Laminate changes color to highlight damage

One possible use for the new laminate is in components in the load-​bearing structures of buildings, aircraft, or vehicles. (Credit: Getty Images)

A new kind of laminate changes color as soon as the material is deformed, making it a lightweight composite material that inspects itself.

Lightweight construction is now part of industries like automotive manufacturing, shipbuilding, and aircraft construction. In addition to traditional lightweight metals such as aluminum, magnesium, or titanium, load-bearing applications increasingly feature composite materials. This is driving the need to develop new techniques and methods for the early detection of damage to—or even the possible failure of—these yet-understudied materials.

Researchers from the Complex Materials Group at ETH Zurich and collaborators created the lightweight material that uses a color change to indicate internal deformation and thus possible material failure at an early stage. Composed of individual layers, their laminate is translucent, break-resistant, and yet very lightweight.

The laminate is composed of alternating layers of a plastic polymer and artificial nacre (mother-of-pearl). The latter is a specialty of the Complex Materials Laboratory and is modeled on the biological example of the mussel shell. It consists of countless glass platelets arranged in parallel, which are compacted, sintered, and solidified using a polymeric resin. This makes it extremely hard and break-resistant.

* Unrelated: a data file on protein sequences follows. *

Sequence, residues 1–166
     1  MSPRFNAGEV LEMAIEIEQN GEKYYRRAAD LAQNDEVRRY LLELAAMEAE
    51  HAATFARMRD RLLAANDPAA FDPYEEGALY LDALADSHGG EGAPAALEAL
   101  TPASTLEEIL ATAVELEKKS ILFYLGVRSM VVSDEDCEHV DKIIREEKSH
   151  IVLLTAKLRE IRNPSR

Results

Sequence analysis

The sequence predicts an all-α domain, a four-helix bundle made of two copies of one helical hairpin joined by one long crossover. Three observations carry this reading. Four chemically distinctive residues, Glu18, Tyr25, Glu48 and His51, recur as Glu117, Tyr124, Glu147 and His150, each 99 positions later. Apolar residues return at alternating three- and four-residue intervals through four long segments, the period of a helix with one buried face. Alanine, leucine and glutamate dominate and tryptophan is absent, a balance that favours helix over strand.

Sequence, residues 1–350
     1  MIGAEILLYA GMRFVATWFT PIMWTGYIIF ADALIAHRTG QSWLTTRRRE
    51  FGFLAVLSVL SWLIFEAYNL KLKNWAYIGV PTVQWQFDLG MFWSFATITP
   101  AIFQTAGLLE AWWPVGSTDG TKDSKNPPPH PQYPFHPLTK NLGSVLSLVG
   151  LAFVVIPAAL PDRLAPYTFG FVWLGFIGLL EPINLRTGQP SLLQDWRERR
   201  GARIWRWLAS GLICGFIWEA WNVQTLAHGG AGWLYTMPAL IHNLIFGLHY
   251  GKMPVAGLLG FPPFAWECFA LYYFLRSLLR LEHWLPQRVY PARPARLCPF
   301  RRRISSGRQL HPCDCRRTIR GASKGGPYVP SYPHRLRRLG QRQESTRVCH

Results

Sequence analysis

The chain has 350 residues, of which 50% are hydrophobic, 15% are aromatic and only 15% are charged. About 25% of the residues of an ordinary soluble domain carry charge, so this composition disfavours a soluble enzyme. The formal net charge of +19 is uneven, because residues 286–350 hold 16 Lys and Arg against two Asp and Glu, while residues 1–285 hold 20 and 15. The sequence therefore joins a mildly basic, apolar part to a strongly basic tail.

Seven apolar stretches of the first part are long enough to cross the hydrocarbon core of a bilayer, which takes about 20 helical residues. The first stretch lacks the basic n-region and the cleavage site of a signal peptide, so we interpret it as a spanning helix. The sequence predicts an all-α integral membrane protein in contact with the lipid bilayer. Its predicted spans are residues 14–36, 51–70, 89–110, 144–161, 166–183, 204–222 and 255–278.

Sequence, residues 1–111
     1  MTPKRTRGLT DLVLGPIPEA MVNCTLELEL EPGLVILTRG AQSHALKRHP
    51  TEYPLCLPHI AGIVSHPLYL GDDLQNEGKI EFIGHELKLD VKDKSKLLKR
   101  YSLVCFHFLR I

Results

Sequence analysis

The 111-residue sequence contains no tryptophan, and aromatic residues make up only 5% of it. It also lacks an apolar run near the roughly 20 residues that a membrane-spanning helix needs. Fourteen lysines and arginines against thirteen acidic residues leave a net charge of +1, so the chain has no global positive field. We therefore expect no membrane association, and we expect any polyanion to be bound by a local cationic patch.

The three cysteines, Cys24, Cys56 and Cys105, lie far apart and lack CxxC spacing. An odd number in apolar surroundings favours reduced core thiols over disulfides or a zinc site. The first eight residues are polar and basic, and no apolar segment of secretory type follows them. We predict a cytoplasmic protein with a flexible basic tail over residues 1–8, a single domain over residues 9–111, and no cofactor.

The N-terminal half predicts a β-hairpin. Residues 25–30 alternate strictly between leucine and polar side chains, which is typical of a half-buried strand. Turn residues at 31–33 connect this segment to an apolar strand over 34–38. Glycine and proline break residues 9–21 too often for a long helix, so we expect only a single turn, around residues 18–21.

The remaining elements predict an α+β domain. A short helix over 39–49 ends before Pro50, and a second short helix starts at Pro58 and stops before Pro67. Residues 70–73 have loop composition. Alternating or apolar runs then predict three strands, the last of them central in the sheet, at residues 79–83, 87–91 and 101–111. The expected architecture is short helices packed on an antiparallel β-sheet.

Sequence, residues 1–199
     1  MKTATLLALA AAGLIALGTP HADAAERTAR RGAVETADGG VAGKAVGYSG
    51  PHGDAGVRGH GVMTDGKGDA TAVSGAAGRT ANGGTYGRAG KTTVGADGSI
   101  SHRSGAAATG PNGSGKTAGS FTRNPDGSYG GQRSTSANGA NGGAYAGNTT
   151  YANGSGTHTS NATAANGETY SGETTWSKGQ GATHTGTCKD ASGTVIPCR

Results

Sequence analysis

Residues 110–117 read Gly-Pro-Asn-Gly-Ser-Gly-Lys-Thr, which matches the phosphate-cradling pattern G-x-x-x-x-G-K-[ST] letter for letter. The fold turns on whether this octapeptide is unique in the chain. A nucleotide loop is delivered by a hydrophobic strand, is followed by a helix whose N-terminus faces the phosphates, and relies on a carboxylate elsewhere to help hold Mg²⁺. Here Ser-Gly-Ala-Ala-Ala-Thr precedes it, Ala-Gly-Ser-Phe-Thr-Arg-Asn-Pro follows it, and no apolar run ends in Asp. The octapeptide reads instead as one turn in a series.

The second layer consists of a polymer to which the researchers added an indicator molecule synthesized specifically for this application at the University of Fribourg. The molecule is activated as soon as the polymer experiences stretching forces, and this changes its fluorescence. The more the material stretches and the more of these molecules are activated, the more intense the fluorescence becomes.

“We used fluorescent molecules because you can measure the increase in fluorescence very well and you don’t have to rely on subjective perception,” says Tommaso Magrini, lead author of the study on the work in the journal ACS Applied Materials and Interfaces. The system could also have been set up to produce a color change that would be directly perceptible from the outside. However, Magrini says, “the perception of colors is subjective and it is difficult to draw conclusions about changes in the material.”

With the help of fluorescence, the researchers can now identify overstressed areas within the composite material even before fractures form. This allows early detection of vulnerable areas in a structure before catastrophic failure occurs. One possible use for the new laminate is in components in the load-​bearing structures of buildings, aircraft, or vehicles, where it’s essential to detect their failure at an early stage.

However, it remains to be seen whether and how the material can be produced on an industrial scale. So far, it exists only at laboratory scale as a proof of concept.

Source: ETH Zurich